"When you jump into something and teachers are excited about it, they may want to force, say, this math into this science, but it doesn't always fit," notes Bradley. "I keep having to say to teachers, 'It's OK if I come into your classroom and it looks very traditional,' because a project for everything is not appropriate, but engaging work is always appropriate."

7. Cultivate an evangelist

Whitfield Career Academy teacher Eric White went on the first of the district's several visits to High Tech High, and he took to the school's rigorous project-based learning right away. Given his passion for the practice and his skills as a presenter, he became a key evangelist who explained project-based learning to his colleagues and led training sessions across the district. As usual, it helps for teachers to hear this message from a fellow teacher -- someone who understands the daily challenges of a classroom.

8. Pilot with a small group of enthusiasts

Rather than trying to convert their entire schools to project-based learning all at once, principals in Whitfield County started with a single grade and tried to place the teachers who were most eager to make the transformation in that group. That way, the enthusiasts could work out some of the bugs and demonstrate the benefits of PBL for their colleagues to see. The principals chose the earliest grades in their schools, sixth and ninth, because students in those grades would more likely be open-minded about a new kind of learning.

9. Use the available free resources

The nonprofit High Tech High aims to share its best practices openly, not make money off them, so it posts a host of materials on its website for free. The Projects page details projects created by High Tech High teachers, with timelines, assignment descriptions, and examples of student work. The Videos page contains dozens of videos on teaching and learning at the school, some produced by students. More resources and videos on project-based learning are available from the Buck Institute for Education and Edutopia's own PBL page.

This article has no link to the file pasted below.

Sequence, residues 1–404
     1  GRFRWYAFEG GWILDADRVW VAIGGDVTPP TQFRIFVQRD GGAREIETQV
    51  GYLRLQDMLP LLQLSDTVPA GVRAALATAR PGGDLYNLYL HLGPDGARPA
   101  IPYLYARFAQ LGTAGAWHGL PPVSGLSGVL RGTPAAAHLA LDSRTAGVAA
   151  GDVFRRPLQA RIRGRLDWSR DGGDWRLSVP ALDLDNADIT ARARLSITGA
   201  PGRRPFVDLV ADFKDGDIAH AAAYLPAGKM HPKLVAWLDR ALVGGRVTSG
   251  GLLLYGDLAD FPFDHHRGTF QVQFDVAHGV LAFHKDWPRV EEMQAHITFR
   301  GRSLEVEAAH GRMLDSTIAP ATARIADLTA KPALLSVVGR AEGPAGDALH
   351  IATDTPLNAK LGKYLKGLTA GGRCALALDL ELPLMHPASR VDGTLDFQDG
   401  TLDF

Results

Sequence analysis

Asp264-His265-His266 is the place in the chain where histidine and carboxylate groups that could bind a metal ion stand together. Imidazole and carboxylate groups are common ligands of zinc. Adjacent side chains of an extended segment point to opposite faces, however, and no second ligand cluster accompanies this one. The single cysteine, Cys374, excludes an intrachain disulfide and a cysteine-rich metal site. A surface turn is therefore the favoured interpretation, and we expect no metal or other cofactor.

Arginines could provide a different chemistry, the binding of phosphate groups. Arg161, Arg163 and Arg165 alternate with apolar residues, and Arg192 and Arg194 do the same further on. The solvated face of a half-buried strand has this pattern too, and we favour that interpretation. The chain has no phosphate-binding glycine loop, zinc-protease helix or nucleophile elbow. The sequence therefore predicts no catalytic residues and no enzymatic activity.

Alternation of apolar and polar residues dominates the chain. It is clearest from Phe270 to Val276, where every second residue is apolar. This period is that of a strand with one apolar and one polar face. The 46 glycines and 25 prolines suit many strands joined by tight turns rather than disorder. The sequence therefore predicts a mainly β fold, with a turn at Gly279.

10. Educate parents and the community

Helping parents and community members understand and buy into project-based learning is one thing educators across Whitfield County agree they haven't done enough of. "The word project can mean so many different things," Bradley points out. "Parents thought it meant we were going to cut out cute stuff and stick it on a poster. For us, project-based learning doesn't mean you have to use paint or glitter or build something. Really, it's about designing an experience that children want to be a part of."
click here for a link to the video. Click here for a link to the video.

From The 21st Century Learning Academy:

While understanding that educational experiences can be very diverse and that every group of
designers will offer up a different dynamic to learning, we feel as a group that the adherence of our
10 core beliefs will help preserve and maintain the momentum we have achieved with our 9th
grade students during the 2009-2010 school year:
1. Teacher as Leader and Designer - We believe that teachers must be at the forefront of design.
Our core business in the 21st Century Learning Academy is designing challenging and
meaningful work for our customers, which means it is critical for us to know them and their
needs very well.  Teachers must be committed to achieving collective action when designing
learning experiences.  We view collective action as a shared effort in which the decision of the
group is binding on all its individual members.  Without this unity, the integrity of design will be
lost.
2. 21st Century Skills - We believe our students must be equipped with the skills to compete and
succeed in our emerging global economy.  In order to gain these competencies, we believe it is imperative that we infuse 21st century skills into our academic curriculum.  We embrace the framework set forth by The Partnership for 21st Century Skills:
o Mastery of Core Subjects
o Global Awareness
o Financial, Economic, Business and Entrepreneurial Literacy
o Civic Literacy